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The Walk to School
by Amy Silverman

If you had a morning class on Forest Mall at Arizona State University this year, you might have seen Sophie -- ASU’s littlest co-ed -- walking to class.

Well, not walking. Not exactly. For much of this past school year, her father or I carried Sophie the 50 feet or so from the parking lot to her classroom at the Child Development Lab, across from the Architecture School. The preschool is tucked into a tiny old building that surely doesn’t fit the fancy-pants president’s vision of the New American University, but I think it’s the best spot on campus. So do Sophie and her big sister Annabelle. My parents both went to the University of Arizona, ASU’s big rival in Tucson, so it was tough at first, hearing Annabelle, who’s four, tell people, “I go to the ASU.”

But now we all love it, and it will be sad when Annabelle leaves for kindergarten. Sophie, who is almost three, will still be at ASU for a while. Most of the kids from her toddler room will move up to another class this summer, but Sophie won’t.

One morning not long ago, I was rushing to make lunches and get all of us dressed, and Annabelle ran out of her room in just her Barbie underpants, stopped short, and announced, out of the blue, “Mommy, I’m glad you had two kids, because that means you had Sophie and she’s my sister.”

I agreed wholeheartedly. Annabelle continued, “I’m glad, even though Sophie’s still a baby, a toddler baby, even though all the kids in her toddler class walk really well and she still doesn’t walk really well, because she’s...”

I held my breath, silently filling in the words: “Because she’s got Down syndrome.”

Annabelle finished: “...because she’s still a baby.”

Annabelle knows Sophie is different, that she doesn’t walk or talk like the other kids. So do the girls’ classmates, but they don’t have a name for Sophie, other than Sophie. They love her, and she loves them, always stopping to wave and blow kisses, particularly when we’re on our way anywhere.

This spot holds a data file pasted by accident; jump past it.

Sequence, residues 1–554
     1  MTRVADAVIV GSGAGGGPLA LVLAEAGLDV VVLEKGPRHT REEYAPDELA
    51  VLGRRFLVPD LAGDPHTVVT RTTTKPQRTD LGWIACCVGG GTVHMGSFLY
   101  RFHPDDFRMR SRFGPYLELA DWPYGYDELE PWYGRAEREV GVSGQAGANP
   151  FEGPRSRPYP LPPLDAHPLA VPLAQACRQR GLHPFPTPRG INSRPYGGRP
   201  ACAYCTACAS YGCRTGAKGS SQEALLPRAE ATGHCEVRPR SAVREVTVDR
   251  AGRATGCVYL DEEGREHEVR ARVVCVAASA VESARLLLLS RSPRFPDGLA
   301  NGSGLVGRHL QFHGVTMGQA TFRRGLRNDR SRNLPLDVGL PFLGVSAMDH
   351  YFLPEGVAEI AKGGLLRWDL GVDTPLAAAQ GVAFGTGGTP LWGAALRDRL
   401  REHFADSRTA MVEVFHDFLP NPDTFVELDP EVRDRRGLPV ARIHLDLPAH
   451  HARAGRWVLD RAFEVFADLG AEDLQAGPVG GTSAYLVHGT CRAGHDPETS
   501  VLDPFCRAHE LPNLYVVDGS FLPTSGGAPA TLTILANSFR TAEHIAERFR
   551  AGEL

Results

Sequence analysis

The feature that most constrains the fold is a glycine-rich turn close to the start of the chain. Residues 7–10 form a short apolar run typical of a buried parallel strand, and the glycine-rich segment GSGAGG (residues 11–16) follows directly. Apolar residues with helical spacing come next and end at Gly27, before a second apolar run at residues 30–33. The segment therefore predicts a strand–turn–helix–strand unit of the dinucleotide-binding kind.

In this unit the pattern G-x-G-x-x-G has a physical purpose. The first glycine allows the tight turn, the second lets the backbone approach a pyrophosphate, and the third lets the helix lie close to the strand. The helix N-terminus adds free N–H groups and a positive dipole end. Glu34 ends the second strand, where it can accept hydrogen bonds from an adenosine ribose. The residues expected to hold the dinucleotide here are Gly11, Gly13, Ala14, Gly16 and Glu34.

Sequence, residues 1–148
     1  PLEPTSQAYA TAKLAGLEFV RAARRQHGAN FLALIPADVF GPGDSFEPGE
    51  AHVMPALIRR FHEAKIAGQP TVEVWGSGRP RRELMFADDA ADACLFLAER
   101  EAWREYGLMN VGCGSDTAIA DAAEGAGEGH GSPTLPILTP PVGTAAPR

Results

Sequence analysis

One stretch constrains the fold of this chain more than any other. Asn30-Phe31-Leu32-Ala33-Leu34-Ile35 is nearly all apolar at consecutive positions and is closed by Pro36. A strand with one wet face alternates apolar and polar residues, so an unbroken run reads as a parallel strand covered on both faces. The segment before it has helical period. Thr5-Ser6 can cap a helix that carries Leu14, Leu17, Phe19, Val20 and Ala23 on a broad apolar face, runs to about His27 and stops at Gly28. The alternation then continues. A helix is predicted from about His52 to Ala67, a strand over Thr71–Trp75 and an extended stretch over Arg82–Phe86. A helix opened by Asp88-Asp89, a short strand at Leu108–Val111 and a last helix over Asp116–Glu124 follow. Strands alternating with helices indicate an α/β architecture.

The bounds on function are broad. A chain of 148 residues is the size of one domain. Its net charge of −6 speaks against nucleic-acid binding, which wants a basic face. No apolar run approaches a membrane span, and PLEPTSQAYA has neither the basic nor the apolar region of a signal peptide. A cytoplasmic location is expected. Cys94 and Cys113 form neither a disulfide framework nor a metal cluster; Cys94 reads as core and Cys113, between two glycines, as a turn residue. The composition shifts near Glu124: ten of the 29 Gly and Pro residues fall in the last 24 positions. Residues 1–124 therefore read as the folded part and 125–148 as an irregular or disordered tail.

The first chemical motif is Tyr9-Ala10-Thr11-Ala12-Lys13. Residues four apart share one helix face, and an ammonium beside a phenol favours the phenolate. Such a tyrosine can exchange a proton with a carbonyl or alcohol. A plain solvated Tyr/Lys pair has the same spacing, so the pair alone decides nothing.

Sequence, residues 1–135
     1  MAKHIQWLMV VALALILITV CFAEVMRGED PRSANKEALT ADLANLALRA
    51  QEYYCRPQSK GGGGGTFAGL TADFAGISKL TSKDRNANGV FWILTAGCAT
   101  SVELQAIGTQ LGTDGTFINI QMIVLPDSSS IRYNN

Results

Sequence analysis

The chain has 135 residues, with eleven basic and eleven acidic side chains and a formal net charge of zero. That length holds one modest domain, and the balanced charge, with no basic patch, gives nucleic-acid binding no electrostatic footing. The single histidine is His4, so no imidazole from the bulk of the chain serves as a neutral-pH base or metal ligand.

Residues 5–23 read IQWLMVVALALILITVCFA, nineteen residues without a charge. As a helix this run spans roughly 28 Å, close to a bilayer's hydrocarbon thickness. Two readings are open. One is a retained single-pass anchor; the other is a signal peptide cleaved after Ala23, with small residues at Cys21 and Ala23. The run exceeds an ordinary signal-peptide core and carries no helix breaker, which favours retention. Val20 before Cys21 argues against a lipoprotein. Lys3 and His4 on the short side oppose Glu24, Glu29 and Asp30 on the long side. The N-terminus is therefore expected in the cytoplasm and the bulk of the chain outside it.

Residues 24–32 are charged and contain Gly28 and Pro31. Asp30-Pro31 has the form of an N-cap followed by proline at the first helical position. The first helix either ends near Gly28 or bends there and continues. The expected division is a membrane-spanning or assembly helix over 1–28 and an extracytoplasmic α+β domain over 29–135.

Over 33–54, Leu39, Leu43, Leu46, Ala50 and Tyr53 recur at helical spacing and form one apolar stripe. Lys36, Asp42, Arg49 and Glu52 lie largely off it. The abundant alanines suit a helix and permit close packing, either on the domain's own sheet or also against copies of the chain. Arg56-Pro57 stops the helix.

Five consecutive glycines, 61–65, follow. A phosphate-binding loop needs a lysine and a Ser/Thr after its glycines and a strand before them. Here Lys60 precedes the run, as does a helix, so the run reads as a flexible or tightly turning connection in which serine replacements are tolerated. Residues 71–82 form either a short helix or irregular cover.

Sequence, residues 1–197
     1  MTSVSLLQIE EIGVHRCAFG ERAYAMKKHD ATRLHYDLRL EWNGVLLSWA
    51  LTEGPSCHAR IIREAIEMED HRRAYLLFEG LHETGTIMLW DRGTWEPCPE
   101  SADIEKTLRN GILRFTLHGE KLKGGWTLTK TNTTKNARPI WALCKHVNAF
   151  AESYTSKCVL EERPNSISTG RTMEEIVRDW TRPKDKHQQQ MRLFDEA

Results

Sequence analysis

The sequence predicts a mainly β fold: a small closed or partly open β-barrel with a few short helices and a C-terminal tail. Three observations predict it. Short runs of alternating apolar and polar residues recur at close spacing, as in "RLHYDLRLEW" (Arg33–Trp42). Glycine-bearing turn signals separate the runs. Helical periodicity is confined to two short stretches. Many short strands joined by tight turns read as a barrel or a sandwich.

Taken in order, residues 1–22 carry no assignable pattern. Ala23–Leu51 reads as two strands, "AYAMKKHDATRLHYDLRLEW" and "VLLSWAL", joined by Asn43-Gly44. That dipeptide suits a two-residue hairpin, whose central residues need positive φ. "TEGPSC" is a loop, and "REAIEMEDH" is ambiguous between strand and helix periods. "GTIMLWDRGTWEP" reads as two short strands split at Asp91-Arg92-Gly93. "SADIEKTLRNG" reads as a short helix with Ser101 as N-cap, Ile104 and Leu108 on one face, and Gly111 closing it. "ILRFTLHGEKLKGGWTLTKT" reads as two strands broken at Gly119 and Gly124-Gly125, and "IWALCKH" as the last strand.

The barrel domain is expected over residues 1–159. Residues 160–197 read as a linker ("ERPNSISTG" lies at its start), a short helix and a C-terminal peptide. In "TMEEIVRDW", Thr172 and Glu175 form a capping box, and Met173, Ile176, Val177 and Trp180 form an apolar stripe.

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At times, this year, that concrete path from the parking lot to the school seemed to stretch for miles. We haven’t carried Sophie for months. Her physical therapist put a stop to that with a walker that looks exactly like the one my 92-year-old grandfather uses, only much, much smaller. I’m not sure how my husband does it, I’ve never watched him. But when it’s my turn to drop the girls at school, I pull up, get Annabelle out of her car seat along with her lunch box, security blanket and various stuffed animals or dolls, and set her on the path, cautioning her to stand perfectly still and wait for me. Then I grab the walker, wrestle to unfold it and set it up, right behind Annabelle.

I unbuckle Sophie and carry her to the sidewalk, then balance her carefully in the walker and stand behind her, urging her to follow her sister. Students stream by on the main walk, on their way to class. For weeks, Sophie balked. She’d drop to her knees and try to crawl, or make her legs like spaghetti, or stop to wave to the crowds.

I’ve been late to work a lot of mornings, this past year.